The “Salsa de la Bahia” project highlighted the history and current flavor of Latin and particularly Salsa music in the Bay Area, but it also touches on dancing! Music and dancing always go together, and that is especially true with Salsa music.
Since I recently blogged about Salsa Dancing and its recent evolution, it’s appropriate to revisit that the “Salsa de la Bahia” project highlights Salsa dancing and its social significance in the Latin community of the Bay Area.
For this, I want to share some of the information contained in the CD package, as well as share a promo video of the project.
Salsa Dancing History and Social Impact
Wayne Wallace, the trombonist/educator and “Salsa de la Bahia” arranger and producer, aptly summarized in just one paragraph part of dancing’s history and social impact.
“In the 1930s, swing dancing at New York City’s Savoy Ballroom became an active act of social integration. Even if for just an evening it was a way of easing the devastating effects of the Great Depression. People of different ethnicities and backgrounds came together and found joy in the music and dancing. This American social phenomena continued with the fusion of swing, bebop, and Cuban music with the “Mambo Craze” of the 1940s and 1950s at the Palladium Ballroom. Despite the racial climate of the times, Latinos, Whites, African-Americans, and Jews found common ground through the music and were integral in the progress of the Civil Rights Movement. It wasn’t enough to speak of cultural idealism but to actively be part of the process. Dancing is an expression of love, a feeling of being one with the music and can be an agent for change. Art as activism, activism as an art form. Love the dance, live the music.”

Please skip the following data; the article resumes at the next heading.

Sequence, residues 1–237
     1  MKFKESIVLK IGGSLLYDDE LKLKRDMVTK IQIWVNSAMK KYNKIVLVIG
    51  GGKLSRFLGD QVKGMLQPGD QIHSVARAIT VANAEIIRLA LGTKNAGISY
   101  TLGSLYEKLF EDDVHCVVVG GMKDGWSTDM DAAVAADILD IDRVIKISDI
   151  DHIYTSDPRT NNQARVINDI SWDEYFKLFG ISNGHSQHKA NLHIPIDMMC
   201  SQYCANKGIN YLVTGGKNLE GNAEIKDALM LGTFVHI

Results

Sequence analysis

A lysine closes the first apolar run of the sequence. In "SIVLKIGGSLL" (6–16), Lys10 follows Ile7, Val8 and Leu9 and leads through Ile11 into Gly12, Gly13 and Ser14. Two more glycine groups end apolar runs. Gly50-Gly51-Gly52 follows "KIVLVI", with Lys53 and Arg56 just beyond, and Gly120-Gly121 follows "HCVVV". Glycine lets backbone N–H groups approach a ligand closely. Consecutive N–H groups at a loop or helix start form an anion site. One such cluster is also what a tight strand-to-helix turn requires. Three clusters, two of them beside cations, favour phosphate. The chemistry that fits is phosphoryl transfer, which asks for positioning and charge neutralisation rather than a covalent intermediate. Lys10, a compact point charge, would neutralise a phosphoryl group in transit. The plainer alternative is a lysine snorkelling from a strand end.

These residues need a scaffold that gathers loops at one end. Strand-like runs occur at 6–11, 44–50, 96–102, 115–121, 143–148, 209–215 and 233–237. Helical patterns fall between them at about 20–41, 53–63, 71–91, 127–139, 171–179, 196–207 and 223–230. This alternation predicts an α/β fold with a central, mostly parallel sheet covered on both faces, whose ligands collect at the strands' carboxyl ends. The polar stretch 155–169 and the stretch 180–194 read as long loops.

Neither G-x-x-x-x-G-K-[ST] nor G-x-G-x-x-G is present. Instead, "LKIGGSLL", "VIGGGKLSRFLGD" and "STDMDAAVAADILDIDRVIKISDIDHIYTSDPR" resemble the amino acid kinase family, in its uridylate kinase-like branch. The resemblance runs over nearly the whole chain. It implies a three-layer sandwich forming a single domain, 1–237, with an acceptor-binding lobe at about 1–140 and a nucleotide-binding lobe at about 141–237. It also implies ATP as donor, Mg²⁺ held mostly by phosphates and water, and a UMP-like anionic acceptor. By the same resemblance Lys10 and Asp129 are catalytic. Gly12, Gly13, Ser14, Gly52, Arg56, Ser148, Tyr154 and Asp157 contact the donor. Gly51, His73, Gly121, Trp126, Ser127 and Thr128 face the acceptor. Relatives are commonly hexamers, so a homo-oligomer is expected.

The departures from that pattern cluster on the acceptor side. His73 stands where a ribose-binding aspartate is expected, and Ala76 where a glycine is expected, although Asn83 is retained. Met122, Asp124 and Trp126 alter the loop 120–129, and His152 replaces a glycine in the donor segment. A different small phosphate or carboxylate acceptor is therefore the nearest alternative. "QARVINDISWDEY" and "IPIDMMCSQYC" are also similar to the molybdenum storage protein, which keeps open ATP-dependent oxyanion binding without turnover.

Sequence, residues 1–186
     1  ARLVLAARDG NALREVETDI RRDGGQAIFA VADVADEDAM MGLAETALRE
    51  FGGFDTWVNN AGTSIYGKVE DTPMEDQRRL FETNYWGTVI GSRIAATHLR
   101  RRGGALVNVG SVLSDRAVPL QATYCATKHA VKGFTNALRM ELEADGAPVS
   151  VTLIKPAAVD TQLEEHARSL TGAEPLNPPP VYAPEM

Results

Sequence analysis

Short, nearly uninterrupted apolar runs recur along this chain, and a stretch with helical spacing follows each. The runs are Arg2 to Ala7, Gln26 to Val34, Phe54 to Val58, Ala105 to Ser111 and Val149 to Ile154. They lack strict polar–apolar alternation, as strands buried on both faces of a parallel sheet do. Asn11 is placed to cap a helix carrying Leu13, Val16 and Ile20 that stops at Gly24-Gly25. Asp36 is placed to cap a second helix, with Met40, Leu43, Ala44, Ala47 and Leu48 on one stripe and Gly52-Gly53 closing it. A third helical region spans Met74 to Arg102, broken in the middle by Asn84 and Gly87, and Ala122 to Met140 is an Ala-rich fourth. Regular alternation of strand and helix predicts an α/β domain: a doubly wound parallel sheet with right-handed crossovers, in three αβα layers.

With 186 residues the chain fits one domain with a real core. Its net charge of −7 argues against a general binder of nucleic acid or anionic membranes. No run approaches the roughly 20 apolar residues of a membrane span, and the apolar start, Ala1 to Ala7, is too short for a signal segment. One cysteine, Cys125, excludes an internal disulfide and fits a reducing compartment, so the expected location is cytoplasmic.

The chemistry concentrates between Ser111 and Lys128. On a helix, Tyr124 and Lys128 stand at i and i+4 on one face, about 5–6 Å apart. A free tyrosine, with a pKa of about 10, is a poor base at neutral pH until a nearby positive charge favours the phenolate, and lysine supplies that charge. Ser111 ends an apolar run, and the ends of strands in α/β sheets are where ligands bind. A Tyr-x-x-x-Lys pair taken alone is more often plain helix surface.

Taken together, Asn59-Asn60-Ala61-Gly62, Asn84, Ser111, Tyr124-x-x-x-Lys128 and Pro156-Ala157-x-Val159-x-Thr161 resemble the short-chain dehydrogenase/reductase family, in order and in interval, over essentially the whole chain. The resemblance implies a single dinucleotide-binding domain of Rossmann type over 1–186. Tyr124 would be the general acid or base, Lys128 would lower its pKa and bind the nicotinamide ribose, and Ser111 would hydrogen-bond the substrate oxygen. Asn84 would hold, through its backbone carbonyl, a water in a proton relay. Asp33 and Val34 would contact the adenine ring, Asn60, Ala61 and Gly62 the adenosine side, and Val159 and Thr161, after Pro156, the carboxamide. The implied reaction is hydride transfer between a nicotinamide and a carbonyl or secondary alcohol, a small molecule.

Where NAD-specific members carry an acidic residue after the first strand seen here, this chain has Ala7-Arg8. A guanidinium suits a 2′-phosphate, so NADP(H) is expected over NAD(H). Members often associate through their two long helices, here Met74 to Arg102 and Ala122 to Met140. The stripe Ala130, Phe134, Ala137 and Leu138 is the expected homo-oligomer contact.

Another interesting passage regarding Salsa dancing contained in the “Salsa de la Bahia” package was written by radio music director and music writer Jesse “Chuy” Varela, who chronicles the more recent impact and evolution of dancing…
“In the 1990s there was Salsa happening literally every day of the week in the Bay Area. What kept it bubbling were the dancers who came from all walks of life. Today Salsa dance has evolved from a nightclub social scene to a course of study that combines ballroom dancing with salsa steps evloved from the mambo era. In 2001 the initiation of the Salsa Congress…took Salsa to another level and started an annual conference of Salsa dance that today draws into the tens of thousands in attendance.
Television shows like ‘Dancing with the Stars’ and ‘So You Think You Can Dance’ are igniting a new found interest in Latin dance that has the local dance studios popping. This has not necessarily translated into more attendance at the local nightclubs as violence, drugs, and bad manners, turn off the more athletic and clean livers involved in Latin ballroom who dance more as a sport than a social activity”.
Jesse “Chuy” Varela
There is a lot to chew in those quotes, and they certainly bring a great perspective on the role of Salsa dancing in our social and musical scene. Chuy’s quote certainly weaves perfectly with the discussion I brought up in the blogs “Salsa Dancing and Dancing Salsa Music” and “Salsa Dancing – Does the Music Matter?”
“Salsa de la Bahia” and “The Last Mambo” Promo Video
From the above information you should get a feel for the effort and heart that went into this musical project. It has as much to do with the music as with the dancing that helped to keep it alive. Below is a promo video of the musical and documentary pieces related to this ambitious project.